Contract of Adhesion 

            Appellant does not specifically argue that the parties’ exclusive supply contract was one of adhesion, nor is there factual support for this argument.  Whether a contract is one of adhesion depends on factors such as the bargaining power of the parties, whether they negotiated the contract, the business sophistication of the parties, and the need for the subject of the agreement.  Interfund Corp., 462 N.W.2d at 89.  Here, while respondent is a large corporation and appellant is a small company, both are commercial entities.  Appellant has been in business since 1953, and it has participated in commercial dealings for more than 50 years, including contracting for paints for its products both before and after the contract at issue here.  The parties negotiated from “spring of 2003” until they reached an agreement on October 8, 2003, and they discussed the terms of the agreement on a weekly basis until the contract was signed.  Further, during negotiations appellant was able to secure a $400,000 prepaid rebate to finance its purchase of equipment to use in applying respondent’s products, as well as other favorable contract terms.  Under these circumstances, the exclusive supply contract was not one of adhesion.

            Otherwise Reasonableness of the Contract 

            Appellant contends that public and private interest factors weigh in favor of finding California the proper forum for this action.[1]  Generally, when a forum selection clause is at issue, the clause is unreasonable if it “contravene[s] a strong public policy,” such as “[j]udicial economy and the prevention of multiple actions on similar issues,” which may render a forum selection clause “patently unreasonable.”  Id.; see Alpha Sys., 646 N.W.2d at 910.  Because appellant has demonstrated no public policy affecting the parties’ choice of forum, this factor does not favor judicial override of the parties’ forum selection.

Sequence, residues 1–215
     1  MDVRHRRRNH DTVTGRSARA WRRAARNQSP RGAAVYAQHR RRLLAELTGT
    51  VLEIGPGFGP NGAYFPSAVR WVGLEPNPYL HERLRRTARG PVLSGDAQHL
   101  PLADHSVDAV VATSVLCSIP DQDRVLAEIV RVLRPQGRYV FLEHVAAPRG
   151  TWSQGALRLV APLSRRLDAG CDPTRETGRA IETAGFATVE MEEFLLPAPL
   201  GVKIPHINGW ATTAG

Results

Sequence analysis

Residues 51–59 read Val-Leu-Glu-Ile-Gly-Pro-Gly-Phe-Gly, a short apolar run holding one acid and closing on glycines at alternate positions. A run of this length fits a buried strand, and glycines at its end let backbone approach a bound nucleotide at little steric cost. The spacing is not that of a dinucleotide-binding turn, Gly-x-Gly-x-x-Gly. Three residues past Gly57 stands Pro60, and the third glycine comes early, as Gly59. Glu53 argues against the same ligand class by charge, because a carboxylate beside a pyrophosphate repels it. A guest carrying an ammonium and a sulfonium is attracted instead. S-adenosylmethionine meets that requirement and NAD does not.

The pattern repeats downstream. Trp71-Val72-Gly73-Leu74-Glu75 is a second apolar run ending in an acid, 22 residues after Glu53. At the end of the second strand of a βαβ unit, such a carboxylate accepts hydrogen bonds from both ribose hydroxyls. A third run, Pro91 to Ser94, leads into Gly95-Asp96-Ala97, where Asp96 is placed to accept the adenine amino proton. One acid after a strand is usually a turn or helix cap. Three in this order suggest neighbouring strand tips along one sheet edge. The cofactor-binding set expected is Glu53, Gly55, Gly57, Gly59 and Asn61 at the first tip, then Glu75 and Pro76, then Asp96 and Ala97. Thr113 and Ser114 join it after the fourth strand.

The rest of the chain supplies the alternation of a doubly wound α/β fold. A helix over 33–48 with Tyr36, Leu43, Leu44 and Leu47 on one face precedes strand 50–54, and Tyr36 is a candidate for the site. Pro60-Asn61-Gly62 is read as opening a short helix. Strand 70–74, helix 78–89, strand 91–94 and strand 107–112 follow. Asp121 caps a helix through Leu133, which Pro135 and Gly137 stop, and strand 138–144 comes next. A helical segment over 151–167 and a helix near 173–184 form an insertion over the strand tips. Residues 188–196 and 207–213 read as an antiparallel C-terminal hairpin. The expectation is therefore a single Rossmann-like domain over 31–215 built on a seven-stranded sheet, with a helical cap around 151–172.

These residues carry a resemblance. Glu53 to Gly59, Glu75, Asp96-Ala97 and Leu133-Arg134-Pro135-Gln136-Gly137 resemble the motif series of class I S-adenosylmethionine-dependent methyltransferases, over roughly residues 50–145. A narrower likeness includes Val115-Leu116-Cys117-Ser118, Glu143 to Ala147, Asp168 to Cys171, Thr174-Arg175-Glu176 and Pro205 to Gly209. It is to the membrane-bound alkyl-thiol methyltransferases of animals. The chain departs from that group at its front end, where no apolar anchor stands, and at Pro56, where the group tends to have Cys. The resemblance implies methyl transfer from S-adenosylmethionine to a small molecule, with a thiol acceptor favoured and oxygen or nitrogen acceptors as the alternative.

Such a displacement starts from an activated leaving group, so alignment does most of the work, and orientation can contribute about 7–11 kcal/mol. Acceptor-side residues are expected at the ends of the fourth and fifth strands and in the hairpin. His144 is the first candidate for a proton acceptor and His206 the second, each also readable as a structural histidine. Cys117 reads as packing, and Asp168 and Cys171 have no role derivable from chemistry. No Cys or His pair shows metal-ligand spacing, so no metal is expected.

Because the three factors that determine the enforceability of a forum selection clause support upholding the clause involved here, we observe no abuse of discretion in the district court’s denial of appellant’s motion to dismiss for forum non conveniens.


[1] Appellant relies on Bergquist v. Medtronic, Inc., 379 N.W.2d 508 (Minn. 1986), as support for its argument that the traditional presumption upholding a plaintiff’s choice of forum should not apply.  Bergquist, however, does not involve a forum selection clause, and its analysis of forum non conveniens is not pertinent to this case.  See Kennecott Holdings Corp. v. Liberty Mut. Ins. Co., 578 N.W.2d 358, 361 (Minn. 1998) (limiting Bergquist presumption regarding choice of forums to cases involving foreign nationals).